- MIT researchers work to run without moving parts
- For example, & # 39; Walks
- "Now the possibilities for this type of propulsion system are effective & # 39;
Plans that travel with moving areas are now realistic.
When you're in the Star Trek you've seen them.
When he was a kid, MIT's associate professor Aeronautics and astronomer Steven Barratt saw them. Now he developed the wind-powered plane of the ion of his childhood dreams.
It flew an airplane without any moving parts.
"Long-term future flights do not have any props and turbines," says Barrack. "They should be more like the ships in the trak track, it's just a blue glow and a silly glide."
The lines that stand in front of the model are electrified.
The "Ionic wind" is known as the "electro-hydroelectric energy". In fact, it is based on a principle that was originally identified in the 1920s.
It describes a thickness or temperature, which produces when a power between thin and thick electrodes passes. If sufficient voltage is applied, the air on the electrodes can generate enough energy to handle a small plane.
But in practice, its reality is not progressing beyond the hobbyier, which raises little models.
Nine years ago, a space bomber went to work on the back of a cover of a cab on a sleepy night in a hotel.
Recently, they traveled 60 mm apart from a 5 meter mound in the gymnasium at MIT's duPont athletic center.
The plane repeated 10 times. Each time, the aircraft repeatedly gave enough power to sustain the same distance.
"It was possible to design a simple platform that could prove an idea of an airplane fly," Burrett said.
"A little more than a plane that can handle a useful mission has become a bit longer, and it must be more efficient, no more can fly, fly out."
How does Ionus work?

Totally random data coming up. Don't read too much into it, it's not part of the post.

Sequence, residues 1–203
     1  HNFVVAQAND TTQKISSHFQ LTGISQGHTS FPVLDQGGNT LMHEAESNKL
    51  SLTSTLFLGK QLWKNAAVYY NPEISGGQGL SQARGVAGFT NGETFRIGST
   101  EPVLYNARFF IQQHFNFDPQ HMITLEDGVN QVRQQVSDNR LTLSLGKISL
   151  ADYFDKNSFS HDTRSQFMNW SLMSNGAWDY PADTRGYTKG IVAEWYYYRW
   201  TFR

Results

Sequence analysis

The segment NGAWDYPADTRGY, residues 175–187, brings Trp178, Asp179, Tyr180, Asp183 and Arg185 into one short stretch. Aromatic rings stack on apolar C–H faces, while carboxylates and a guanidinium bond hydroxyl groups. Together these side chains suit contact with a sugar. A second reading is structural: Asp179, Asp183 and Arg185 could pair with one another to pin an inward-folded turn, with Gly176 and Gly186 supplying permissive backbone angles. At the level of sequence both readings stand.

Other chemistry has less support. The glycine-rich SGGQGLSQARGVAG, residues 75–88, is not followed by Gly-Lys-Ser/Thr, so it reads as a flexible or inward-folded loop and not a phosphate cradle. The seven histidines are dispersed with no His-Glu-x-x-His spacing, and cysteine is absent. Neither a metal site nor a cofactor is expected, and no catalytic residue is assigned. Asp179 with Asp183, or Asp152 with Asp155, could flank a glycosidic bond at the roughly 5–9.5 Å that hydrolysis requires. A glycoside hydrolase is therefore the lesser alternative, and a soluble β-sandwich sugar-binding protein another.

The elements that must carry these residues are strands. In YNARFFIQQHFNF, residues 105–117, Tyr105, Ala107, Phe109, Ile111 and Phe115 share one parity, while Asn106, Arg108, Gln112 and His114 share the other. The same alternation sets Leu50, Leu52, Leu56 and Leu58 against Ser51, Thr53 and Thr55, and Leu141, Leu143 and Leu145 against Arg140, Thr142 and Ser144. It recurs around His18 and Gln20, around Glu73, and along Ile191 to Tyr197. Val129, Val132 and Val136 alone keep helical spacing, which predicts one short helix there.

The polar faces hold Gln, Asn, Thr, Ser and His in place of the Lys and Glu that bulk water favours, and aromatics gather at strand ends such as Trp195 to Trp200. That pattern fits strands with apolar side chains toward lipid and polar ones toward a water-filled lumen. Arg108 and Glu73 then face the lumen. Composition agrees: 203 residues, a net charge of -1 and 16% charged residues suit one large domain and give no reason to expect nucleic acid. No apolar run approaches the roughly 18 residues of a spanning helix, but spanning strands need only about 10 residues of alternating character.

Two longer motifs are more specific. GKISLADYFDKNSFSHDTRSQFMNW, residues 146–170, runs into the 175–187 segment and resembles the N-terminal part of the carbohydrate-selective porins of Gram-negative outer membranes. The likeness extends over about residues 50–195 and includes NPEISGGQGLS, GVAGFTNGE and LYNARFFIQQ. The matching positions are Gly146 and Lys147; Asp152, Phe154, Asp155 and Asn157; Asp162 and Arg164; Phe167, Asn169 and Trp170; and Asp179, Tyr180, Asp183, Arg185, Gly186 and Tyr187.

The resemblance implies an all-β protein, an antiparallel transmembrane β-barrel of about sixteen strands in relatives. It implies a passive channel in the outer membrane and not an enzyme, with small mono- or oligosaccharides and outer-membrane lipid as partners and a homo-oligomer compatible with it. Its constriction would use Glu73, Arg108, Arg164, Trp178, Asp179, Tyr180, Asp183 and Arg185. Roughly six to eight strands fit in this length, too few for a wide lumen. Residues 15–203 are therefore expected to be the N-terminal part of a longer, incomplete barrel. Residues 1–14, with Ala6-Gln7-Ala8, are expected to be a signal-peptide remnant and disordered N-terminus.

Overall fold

This energy is fuelsle with lithium-polymer batteries.
But the key to constructing it is from the members of the Electronics Research Laboratory of Prof. David Perl's power electronics research group
They designed a power supply that transformed the batteries, so they would supply power to provide 40,000 volts.
The technical explanation of what is happening here is through MIT News:
When the wire is vibrating, they work to attract and remove negative charging electrons from the air molecules around them, giant winds, as well as attraction of the iron edge. The rear air molecules are newly ionized and therefore attracted to the negligible charged electrode in the rear of the plane.
Since the newly formed clouds of ion negative charge flow into the wires, each IO can be combined with other air pollutants for millions of times.
We've seen iON drives earlier. NASA has a system called HiPEP, a student at Sydney University student Patrick "Pad" uses a system that allows long-range travels through Newman space.
But none of them will have to fight against gravity.
Barat's team is now trying to improve the efficiency of their design, to create more loose winds with more voltage.
"It took a long time to get here," says Barrack. "Going from the basic principle to the flying birds was a long-distance journey of the symbolism of physics, and then proceeded with the design.
"Now the possibilities for this type of propulsion system will take effect."
Here's more video for testing:
You can read more about the results of the exam at the Natural Journal.
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